Faulk: Mind game
If Patriots running back Kevin Faulk was in position to pass along advice to first-round draft choice Laurence Maroney, he said the words would be simple.
“I think there is just one thing you can tell a rookie who comes in here, no matter if he’s a first-round pick, second-round pick, third-round pick,” Faulk said during a break from the team’s offseason program at Gillette Stadium on Tuesday.
“Obviously you have the ability to play in the NFL, or you wouldn’t be here. But the next thing is the mind. It’s 90 percent mental and 10 percent ability, if you ask me. Your ability got you this far. Now it’s your mind that gets you the rest of the way.”
Faulk, who enters his eighth NFL season in 2006 and turns 30 in June, said he first discovered the overriding importance of the mental aspect of football in his “third or fourth season.”
“Being with Coach Belichick, you have no choice,” he said. “That’s one thing he thrives on a whole lot, being mentally sharp.”
Faulk has been spending weekdays in New England, participating in the offseason program, before flying home to Louisiana on weekends to be with his family. He’ll also be inducted into the Louisiana State Athletic Hall of Fame in July.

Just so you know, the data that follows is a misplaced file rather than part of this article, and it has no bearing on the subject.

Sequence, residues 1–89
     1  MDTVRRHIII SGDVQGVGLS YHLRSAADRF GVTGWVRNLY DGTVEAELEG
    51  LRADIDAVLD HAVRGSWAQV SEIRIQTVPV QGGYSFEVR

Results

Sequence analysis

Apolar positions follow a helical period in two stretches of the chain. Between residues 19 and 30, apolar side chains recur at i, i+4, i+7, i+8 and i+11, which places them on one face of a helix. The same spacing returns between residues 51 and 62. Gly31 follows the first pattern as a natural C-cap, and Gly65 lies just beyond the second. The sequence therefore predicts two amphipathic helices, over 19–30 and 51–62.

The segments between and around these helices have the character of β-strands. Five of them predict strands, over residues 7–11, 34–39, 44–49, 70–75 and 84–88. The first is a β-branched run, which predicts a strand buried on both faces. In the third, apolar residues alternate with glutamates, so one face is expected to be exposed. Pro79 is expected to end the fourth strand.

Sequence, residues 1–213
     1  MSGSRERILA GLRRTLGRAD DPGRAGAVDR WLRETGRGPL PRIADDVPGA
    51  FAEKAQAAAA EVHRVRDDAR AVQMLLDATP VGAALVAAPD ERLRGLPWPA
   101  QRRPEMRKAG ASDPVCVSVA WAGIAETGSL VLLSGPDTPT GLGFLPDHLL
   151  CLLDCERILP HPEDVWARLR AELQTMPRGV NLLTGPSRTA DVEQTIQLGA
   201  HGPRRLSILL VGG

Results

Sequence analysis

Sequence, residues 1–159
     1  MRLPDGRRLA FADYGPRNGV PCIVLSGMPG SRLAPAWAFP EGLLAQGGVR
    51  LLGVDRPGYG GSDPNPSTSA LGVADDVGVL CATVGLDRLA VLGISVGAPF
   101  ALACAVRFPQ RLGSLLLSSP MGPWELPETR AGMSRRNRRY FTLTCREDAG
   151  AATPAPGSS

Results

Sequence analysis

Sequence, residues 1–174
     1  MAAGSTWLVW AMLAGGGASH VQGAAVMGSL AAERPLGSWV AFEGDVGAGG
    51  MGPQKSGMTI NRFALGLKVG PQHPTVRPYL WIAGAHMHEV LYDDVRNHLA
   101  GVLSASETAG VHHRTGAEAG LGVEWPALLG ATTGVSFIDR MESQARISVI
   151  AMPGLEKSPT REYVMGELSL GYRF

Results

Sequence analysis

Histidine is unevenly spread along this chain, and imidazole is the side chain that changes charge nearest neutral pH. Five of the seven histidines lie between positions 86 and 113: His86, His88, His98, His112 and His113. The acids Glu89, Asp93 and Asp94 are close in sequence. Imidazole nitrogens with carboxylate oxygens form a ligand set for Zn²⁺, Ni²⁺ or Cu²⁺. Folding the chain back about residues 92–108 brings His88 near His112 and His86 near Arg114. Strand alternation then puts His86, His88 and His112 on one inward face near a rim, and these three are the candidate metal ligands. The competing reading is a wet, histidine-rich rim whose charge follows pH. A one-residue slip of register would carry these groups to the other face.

“It means a whole lot, being part of the great running backs they’ve had there and the great players [in all sports] they’ve had coming out of LSU, like Shaq and Pistol Pete [Maravich].”
Faulk, who was wearing a LSU cap with Maravich’s No. 23 on it, answered a few other questions before sitting down for a television interview.
What are your thoughts on some of the draft picks and adding them to the offense?
“It’s always good to add options to the offense. I think Tom [Brady] loves it; it helps him spread the ball around.”
Do you feel as if the addition of Maroney might change your role?
“I can’t control that. The only thing I can control is what Kevin Faulk does. Like I said, it’s a great addition to the team. Another weapon for the team. But as far as how I feel about, I can’t control it. I can just control what Kevin does.”
As a longer tenured guy, is that the same approach you take with free-agent departures?
“I saw an interview with [Tedy] Bruschi and I think he said it perfectly. You almost spend a decade playing with guys, and when they’re gone, it hurts for a little while. Then reality sets in, you know you’re in a business, and it can happen to anyone. When you see them put that name on a different color jersey, you’re playing against each other now. You’re not teammates anymore. I think they’re going to take it the same way.”
Do you have any specific goals this year?
“Most of all, staying healthy. I think previous years I’ve had some injuries that you couldn’t believe a football player would get. But I got them.”
Do you have any thoughts on LSU’s Joseph Addai, and him being picked by the Colts?
“I think he’s in a good situation. I have to give him a call and congratulate him. He’s a great guy, with the ability to a No. 1 guy in Indianapolis. The offense fits his style perfectly.”